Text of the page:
Prices are climbing at the fastest pace since 2008, a key index released on Friday showed, an increase that is sure to keep inflation central to economic and political debates.
The Bureau of Economic Analysis’ personal consumption expenditure inflation measure climbed 3.6 percent in April from the prior year — the strongest reading in 13 years and more than the 3.5 percent gain that economists in a Bloomberg survey had expected.
The core price index, which strip out volatile food and fuel prices, rose 3.1 percent in the year through April — the fastest pace since 1992. Prices rose 0.7 percent compared with the prior month, the biggest increase in two decades.
The pickup in inflation is coming as rebounding demand and supply shortages push costs higher, along with data quirks that are increasing the annual number. The inflation gauge is closely watched because it is the Federal Reserve’s favorite, and officials are carefully monitoring the pickup in prices as the economy reopens.
The Fed targets 2 percent annual inflation, on average over time. While price gains are now well above that, central bankers and economists expect that pickup will probably fade with time as producers catch up with consumer demand and the boost from government stimulus disappears.
The report showed that personal income declined sharply in April as a jump caused by stimulus payments in March faded. Income fell by 13.1 percent, actually a smaller decrease than the 14.2 percent drop economists had expected.
Personal spending rose 0.5 percent, a slow but steady pace, but that improvement eroded when counting for price increases. In a surprise to economists, spending actually declined slightly when adjusted for inflation, falling by 0.1 percent — missing the 0.2 percent gain they had penciled in.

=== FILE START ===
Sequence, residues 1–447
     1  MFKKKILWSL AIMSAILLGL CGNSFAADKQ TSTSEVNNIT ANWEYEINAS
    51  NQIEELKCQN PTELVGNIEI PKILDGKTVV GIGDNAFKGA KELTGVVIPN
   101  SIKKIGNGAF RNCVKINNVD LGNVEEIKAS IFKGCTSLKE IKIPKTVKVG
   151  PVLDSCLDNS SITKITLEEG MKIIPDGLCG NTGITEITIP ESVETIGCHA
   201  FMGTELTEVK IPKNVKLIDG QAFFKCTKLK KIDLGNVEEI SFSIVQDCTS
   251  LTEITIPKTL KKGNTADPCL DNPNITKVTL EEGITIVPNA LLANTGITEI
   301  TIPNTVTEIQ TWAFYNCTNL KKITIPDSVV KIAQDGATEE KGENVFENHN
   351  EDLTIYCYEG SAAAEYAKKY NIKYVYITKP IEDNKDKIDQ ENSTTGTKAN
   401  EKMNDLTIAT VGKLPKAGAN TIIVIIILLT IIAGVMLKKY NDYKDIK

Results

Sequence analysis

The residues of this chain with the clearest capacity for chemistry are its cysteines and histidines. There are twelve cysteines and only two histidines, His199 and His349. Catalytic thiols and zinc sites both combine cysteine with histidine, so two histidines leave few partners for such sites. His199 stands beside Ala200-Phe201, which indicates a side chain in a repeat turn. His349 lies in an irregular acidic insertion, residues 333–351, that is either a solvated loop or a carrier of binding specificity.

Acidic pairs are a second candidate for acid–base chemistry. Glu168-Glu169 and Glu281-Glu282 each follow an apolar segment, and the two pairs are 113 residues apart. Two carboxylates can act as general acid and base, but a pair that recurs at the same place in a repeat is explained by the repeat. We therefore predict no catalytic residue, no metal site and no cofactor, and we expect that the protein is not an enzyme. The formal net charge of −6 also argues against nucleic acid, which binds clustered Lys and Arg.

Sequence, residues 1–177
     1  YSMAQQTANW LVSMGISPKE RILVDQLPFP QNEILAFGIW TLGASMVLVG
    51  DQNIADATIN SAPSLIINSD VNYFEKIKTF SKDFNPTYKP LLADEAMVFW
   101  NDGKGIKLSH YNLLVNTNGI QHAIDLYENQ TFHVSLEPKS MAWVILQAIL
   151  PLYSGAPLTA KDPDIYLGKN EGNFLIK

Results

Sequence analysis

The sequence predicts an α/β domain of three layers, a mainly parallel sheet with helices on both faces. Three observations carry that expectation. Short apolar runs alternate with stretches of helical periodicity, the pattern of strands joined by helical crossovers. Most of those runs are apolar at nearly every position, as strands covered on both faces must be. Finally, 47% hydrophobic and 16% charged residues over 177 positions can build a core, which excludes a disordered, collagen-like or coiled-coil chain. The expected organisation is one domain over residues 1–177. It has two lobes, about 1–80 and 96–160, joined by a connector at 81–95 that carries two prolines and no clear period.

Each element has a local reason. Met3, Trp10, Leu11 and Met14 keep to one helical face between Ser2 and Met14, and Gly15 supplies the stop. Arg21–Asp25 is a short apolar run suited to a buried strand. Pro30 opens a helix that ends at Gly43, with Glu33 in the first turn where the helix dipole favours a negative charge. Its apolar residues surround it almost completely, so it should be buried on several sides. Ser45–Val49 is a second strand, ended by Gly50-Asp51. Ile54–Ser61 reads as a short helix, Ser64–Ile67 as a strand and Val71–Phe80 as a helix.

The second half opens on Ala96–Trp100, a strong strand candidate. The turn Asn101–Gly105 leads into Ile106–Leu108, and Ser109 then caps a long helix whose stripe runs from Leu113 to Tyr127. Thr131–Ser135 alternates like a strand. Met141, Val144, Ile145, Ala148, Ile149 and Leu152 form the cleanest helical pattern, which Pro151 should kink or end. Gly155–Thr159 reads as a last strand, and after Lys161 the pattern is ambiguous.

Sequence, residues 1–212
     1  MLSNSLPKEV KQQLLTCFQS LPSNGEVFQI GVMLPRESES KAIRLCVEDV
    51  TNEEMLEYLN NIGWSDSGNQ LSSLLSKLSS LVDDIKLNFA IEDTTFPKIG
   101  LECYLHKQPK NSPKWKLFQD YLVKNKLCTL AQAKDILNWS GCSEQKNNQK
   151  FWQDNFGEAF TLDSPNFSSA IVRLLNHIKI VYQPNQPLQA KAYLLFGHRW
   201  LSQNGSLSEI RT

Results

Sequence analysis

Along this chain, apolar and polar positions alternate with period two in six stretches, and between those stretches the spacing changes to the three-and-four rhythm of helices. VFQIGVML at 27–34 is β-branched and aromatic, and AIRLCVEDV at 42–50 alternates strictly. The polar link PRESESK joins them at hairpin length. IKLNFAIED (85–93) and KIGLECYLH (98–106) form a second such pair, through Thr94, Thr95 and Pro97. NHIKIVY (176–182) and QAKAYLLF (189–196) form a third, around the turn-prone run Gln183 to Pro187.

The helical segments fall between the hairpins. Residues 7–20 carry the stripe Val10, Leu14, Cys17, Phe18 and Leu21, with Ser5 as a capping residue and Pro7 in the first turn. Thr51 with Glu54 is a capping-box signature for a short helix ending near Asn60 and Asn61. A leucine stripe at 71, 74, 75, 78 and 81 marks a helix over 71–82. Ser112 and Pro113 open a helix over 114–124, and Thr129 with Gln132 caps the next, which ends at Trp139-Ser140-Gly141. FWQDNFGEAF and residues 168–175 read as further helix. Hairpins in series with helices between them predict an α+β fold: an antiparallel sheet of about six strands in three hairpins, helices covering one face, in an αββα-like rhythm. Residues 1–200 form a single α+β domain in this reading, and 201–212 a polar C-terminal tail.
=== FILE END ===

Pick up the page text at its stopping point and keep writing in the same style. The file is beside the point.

“The combination of falling real consumption and soaring prices last month gives off a faint whiff of stagflation,” Paul Ashworth, chief U.S. economist at Capital Economics, wrote in a note following the release. While there was some pickup in services spending, he noted that the pace was “a bit of a disappointment given the removal of most Covid-related restrictions.”
The Fed, which is tasked with maintaining stable prices and is supposed to foster full employment, has signaled that it is willing to look through the current run-up in inflation as the economy heals and moves through a wildly unusual period. But it has also signaled that if it proves persistent or gets out of control, it would react, which could mean a quicker pullback from mass bond-buying or interest rate increases.
Both bond purchases and low rates support asset prices, so markets have been on edge about the possibility of faster inflation that prompts the Fed to reduce its economic support.
Politicians have been talking about price changes daily since an earlier inflation release — the Consumer Price Index report — showed that prices gains picked up more than expected in April. Republicans paint the inflation as a sign that big government spending is coming at a cost, while Democrats say it is a temporary phenomenon, driven by data quirks and the fact that demand is bouncing back and supply must rise to meet it. They argue short-lived bigger price gains are no reason to change course.